Alex Brandon, Associated Press
WASHINGTON — For all their mysterious slumps and chemistry curiosities, the Indiana Pacers are back where they were last season — in the Eastern Conference finals.
David West scored 29 points Thursday night, and the Pacers blew a 16-point second-half lead before pulling away late in a 93-80 win that ousted the Washington Wizards in six games.
Next up, a rematch with the Miami Heat.
Lance Stephenson added 17 points and eight assists for the Pacers, who earned a Game 1 at home against the two-time defending NBA champions on Sunday. Indiana took Miami to seven games in the conference finals a year ago.
"We've been through it all this season," Stephenson said. "And I feel like everything that we went through made us stronger."
Marcin Gortat scored 19 points, and John Wall had 12 points and nine assists for the Wizards, who ended their best playoff run in decades. Washington won a playoff series for the first time since 2005 and a second-round game for the first time since 1982. But the team was ultimately undone by an inability to win at home, going just 1-4 at the Verizon Center and 5-1 on the road in the playoffs.
"I think we all felt we had an opportunity here to do more than we did, and that's a good feeling for those guys," Washington coach Randy Wittman said. "They're hurting in there, and when you hurt, that means you care."
The Wizards appeared to have a fix on the home-court demons when Bradley Beal stole a rebound from Roy Hibbert, then hit a 3-pointer at the other end to put the Wizards up 74-73 with 8½ minutes to play.
But that was Washington's only lead of the second half. West answered with a pair of jumpers, including a tough fade-away, and Stephenson added a layup to start a decisive 20-6 run that included three Wizards turnovers in four possessions. Washington went five minutes without a point and scored only two field goals after Beal's go-ahead 3.
The Pacers were on 33-7 on Jan. 20 and 46-13 on March 2 before limping to the finish line, barely holding on to the conference's No. 1 seed. Things didn't look much better when Indy was pushed to seven games in the first round by eighth-seeded Atlanta, or when the Pacers lost Game 1 at home to the Wizards.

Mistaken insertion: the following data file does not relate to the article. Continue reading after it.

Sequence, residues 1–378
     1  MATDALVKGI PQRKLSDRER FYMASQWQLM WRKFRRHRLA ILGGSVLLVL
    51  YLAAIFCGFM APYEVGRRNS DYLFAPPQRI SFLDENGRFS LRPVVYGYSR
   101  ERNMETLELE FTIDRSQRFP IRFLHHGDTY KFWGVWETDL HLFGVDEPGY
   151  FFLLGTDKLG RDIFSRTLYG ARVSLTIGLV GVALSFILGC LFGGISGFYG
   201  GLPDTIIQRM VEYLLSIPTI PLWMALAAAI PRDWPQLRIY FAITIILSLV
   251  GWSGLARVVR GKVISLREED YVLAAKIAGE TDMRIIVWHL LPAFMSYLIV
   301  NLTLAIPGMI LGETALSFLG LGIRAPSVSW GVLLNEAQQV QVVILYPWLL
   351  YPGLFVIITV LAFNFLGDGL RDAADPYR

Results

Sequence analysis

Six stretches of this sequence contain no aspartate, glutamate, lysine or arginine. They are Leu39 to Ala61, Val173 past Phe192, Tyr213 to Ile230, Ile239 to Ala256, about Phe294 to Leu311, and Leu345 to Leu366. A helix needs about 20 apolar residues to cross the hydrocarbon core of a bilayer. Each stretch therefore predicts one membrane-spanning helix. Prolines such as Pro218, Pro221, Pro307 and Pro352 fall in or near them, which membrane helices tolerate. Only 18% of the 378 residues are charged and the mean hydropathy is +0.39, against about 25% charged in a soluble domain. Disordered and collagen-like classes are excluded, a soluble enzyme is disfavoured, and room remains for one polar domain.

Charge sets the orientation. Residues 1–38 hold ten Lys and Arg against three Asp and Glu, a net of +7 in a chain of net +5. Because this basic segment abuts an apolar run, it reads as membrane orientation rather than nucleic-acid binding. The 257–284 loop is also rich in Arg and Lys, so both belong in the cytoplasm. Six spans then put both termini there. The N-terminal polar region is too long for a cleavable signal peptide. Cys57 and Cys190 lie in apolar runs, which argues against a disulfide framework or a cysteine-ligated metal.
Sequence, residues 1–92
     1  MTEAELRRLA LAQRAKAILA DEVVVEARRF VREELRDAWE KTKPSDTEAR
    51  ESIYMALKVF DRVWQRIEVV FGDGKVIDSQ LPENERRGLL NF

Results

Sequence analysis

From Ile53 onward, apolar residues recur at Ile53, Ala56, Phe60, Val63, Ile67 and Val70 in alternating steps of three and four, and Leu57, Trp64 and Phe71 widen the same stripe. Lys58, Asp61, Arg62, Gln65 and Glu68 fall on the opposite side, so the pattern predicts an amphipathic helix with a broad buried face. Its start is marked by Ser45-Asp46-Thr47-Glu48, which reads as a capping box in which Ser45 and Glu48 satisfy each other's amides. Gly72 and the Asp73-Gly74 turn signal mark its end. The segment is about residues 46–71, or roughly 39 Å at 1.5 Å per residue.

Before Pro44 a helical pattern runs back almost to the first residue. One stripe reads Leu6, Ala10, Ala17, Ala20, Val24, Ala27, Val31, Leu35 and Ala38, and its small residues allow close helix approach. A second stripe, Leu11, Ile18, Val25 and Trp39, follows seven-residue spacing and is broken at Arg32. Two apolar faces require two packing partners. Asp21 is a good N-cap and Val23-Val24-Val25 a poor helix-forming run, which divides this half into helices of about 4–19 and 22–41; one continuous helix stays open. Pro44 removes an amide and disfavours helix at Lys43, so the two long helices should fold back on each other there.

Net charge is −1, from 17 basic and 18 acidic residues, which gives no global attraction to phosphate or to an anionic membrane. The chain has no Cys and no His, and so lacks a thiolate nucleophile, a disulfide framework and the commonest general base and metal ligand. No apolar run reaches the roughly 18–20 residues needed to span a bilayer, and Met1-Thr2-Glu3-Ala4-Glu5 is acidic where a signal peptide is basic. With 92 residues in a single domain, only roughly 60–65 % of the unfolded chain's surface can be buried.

But Hibbert revived himself in Game 2, the defense held the Wizards to 63 points in Game 3, and Paul George went off for 39 points in Game 4. The ugly Pacers returned in a 23-point beatdown at home in Game 5.
"It was a poor basketball game all the way around in Game 5, and nobody was happy about it," Indiana coach Frank Vogel said. "And they came out and played angry."
But they pulled ahead early in the clincher by shooting 59 percent in the first half and holding the up-tempo Wizards without a fast-break point until the second half.
The Wizards had to reschedule a Lady Gaga concert to host the game, upsetting the singer's fans and prompting an apology from team owner Ted Leonsis. Instead of Little Monsters in the arena, there were big ones — such as a 4½-minute field goal drought in the second period that helped the Pacers to a 52-40 halftime lead.
Wall, who broke out of a shooting and leadership slump in Game 5, had moments that were more reckless than sublime in the first half. He was 2 for 6 from the field at the break, while Beal was 3 for 10. The Wizards were 1 for 7 from 3-point range, and only the inside presence of Nene and Gortat kept it close.
The Pacers got the lead to 16, but the Wizards answered with an 11-2 run capped by Wall's 1-on-3 transition layup, Washington's first fast-break basket. Wall was particularly assertive at the start of the fourth quarter, but the Pacers' defense held firm when it mattered.
Follow Joseph White on Twitter: http://twitter.com/JGWhiteAP
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